September 8, 2015

Adventist Young People Receive Government Praise in Vietnam


What do a garden hose, a blood pressure cuff, and a pencil have in common?

Not much it would seem.

But in the hands of One Year in Mission volunteers, these tools are building relationships and attracting government praise in Vietnam’s biggest city, Ho Chi Minh City.

The Seventh-day Adventist volunteers received a government certificate of appreciation for two community projects in a ward, or subdistrict, of Ho Chi Minh City over the summer. Leaders of Phu Nhuan Ward, District 9, presented the certificate at a ceremony and cited the volunteers’ work as a positive contribution to the well-being and health of local residents.

One project involved cleaning railroad and outdoor market areas, which was implemented with local government officials and the assistance of local government volunteers.

In the second activity, qualified One Year in Mission Vietnam volunteers offered free medical and dental checks as well as free haircuts and back massages at a free clinic co-organized with local government officials.

National television featured reports about these activities as examples of positive initiatives by young people. 

A One Year in Mission volunteer carrying an elderly man to a free health day event in Phuoc Binh Ward, District 9, of Ho Chi Minh City, Vietnam. (Keiko Le / SSD)

The Adventist volunteers have partnered with other wards and organizations to meet community needs over the past year. Some of the activities included the distribution of school supplies to disadvantaged children in partnership with a local pagoda, a cleanup day, a dental health day, and free motorcycle washes for some of the estimated 3.5 million motorcycles in the bustling city of 8 million people formerly known as Saigon.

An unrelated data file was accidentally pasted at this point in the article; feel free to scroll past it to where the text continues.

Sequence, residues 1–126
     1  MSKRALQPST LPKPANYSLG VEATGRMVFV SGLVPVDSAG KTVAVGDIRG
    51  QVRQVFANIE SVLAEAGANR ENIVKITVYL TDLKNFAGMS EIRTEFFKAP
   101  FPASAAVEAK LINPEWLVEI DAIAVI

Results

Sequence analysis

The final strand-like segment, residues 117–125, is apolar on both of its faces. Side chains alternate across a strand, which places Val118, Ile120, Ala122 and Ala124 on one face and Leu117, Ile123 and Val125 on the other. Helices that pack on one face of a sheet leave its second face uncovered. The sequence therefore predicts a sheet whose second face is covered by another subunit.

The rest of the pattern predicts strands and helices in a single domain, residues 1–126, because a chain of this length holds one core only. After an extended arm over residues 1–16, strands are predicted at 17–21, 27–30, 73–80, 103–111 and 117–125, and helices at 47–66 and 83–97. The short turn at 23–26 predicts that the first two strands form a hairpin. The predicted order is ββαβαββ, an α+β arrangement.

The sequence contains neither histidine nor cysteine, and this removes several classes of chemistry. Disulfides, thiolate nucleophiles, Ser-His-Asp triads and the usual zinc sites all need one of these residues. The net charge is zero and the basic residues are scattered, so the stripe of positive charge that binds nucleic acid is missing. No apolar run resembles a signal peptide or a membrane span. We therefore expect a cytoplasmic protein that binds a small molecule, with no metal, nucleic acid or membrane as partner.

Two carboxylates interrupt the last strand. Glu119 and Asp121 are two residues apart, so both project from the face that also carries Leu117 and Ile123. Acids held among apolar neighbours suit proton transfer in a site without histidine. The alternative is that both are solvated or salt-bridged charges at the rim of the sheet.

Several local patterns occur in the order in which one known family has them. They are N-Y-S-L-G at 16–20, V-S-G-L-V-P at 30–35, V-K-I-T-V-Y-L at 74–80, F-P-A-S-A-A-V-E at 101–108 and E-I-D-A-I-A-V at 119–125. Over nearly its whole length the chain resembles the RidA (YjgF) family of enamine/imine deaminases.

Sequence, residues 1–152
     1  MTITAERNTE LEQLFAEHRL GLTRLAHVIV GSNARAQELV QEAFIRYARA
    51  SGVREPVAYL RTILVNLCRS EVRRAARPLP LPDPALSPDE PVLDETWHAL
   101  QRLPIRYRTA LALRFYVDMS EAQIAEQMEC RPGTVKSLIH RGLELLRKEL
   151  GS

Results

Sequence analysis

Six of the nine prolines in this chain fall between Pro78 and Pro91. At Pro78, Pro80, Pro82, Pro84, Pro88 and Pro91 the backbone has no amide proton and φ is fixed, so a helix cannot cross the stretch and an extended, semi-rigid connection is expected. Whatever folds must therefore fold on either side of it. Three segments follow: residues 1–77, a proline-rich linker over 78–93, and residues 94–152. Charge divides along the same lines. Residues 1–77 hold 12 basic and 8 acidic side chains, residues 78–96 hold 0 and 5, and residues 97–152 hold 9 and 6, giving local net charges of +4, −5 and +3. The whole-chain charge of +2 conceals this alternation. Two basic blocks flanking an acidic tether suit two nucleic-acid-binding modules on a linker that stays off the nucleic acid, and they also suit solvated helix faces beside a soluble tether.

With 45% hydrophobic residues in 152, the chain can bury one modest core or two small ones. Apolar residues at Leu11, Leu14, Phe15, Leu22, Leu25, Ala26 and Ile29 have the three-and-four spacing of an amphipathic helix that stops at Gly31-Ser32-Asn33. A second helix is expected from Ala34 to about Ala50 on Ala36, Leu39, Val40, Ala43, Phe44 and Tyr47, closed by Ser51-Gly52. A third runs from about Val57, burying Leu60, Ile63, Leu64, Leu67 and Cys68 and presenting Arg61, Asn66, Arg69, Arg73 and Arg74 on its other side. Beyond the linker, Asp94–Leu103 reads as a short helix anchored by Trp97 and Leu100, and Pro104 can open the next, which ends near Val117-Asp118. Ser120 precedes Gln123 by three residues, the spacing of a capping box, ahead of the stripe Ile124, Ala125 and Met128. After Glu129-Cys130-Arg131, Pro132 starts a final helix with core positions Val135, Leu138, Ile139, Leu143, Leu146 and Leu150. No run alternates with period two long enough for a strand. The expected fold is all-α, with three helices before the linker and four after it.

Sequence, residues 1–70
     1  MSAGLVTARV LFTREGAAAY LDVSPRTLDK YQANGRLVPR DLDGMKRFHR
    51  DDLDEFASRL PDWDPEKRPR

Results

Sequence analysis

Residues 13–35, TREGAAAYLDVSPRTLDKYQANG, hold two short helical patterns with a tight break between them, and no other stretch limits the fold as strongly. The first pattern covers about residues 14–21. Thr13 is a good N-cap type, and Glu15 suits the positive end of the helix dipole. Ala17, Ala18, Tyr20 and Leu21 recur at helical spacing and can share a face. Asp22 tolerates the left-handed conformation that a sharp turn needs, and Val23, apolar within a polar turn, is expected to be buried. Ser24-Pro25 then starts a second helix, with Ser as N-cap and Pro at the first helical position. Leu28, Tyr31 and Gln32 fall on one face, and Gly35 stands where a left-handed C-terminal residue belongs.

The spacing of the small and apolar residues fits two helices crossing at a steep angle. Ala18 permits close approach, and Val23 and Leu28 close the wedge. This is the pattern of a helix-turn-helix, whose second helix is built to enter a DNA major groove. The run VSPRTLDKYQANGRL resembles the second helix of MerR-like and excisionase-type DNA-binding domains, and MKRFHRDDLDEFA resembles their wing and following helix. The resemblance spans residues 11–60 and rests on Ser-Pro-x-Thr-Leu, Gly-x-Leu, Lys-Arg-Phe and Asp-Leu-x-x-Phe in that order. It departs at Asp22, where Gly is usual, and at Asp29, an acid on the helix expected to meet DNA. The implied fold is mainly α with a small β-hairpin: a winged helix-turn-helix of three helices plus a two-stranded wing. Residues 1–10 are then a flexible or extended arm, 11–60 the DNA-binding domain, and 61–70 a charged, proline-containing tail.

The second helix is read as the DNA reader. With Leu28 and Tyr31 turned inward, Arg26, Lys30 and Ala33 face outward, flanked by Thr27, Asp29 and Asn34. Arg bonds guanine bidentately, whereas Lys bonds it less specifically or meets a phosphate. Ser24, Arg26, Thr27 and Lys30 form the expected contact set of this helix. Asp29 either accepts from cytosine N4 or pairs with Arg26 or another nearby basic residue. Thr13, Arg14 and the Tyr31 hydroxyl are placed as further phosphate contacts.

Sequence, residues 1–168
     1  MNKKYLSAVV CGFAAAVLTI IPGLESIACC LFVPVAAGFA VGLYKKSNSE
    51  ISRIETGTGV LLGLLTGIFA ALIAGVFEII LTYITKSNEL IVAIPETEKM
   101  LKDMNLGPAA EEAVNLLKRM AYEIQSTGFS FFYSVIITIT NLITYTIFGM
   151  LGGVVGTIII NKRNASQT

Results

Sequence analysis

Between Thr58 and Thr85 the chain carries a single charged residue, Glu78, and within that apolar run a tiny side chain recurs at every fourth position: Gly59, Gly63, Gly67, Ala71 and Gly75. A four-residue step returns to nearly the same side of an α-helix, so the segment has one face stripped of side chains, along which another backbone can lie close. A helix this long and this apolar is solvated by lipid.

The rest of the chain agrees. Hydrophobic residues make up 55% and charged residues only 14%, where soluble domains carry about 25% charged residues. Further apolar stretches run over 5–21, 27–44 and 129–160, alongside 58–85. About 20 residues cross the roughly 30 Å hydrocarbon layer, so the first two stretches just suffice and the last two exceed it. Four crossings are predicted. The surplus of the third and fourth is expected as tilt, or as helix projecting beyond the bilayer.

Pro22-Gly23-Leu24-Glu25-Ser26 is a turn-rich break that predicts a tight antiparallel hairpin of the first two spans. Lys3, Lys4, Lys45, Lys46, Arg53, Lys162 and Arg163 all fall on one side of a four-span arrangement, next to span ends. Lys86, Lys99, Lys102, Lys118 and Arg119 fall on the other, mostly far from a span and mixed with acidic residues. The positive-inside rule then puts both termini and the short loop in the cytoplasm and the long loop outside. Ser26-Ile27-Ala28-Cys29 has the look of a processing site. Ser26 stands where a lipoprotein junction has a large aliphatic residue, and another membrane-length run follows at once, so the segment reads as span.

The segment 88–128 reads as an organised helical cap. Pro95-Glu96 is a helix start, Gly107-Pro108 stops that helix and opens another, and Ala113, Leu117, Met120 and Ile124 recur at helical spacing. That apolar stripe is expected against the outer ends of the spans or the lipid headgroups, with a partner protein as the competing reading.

During a television report about the school supplies, volunteer coordinator Le Bao Ngan (Keiko Le) explained to viewers that the volunteers sought to “not only bring meaningful action and warmth to … children but to inspire young people to do good.”

The Adventist young people are also reaching out to their peers by creating positive social gatherings such as free guitar lessons. The nighttime lessons enable young people to gain a new skill in what organizers hope is an uplifting and fun environment.

“It’s just a small way, but we hope that the movement will help young people become more involved and inspired to impact society,” Le said.

The volunteers also work with hospitals, charities, and other entities in Ho Chi Minh City and throughout Vietnam. 

One Year in Mission is a 2013 initiative of the Adventist world church aimed at maximizing the interest and passion of Adventist young people in mission and graduating them from short-term mission assignments of several weeks or months to long-term mission. The initiative, which has been introduced in each of the church’s world divisions, is part of a broader program known as Mission to the Cities, which seeks to share Jesus in the world’s biggest cities.

The Southern Asia-Pacific Division, which includes Vietnam, has One Year in Mission coordinators in 11 of the 14 countries on its territory and a large network of volunteers.

The Adventist Church has more than 11,000 members worshiping in 15 churches in Vietnam, a Communist country bordered by China, Laos, and Cambodia that officially recognized the denomination in 2008. Only 8 percent of Vietnam’s population of 91 million identify themselves as Christian, while the majority practice Buddhism.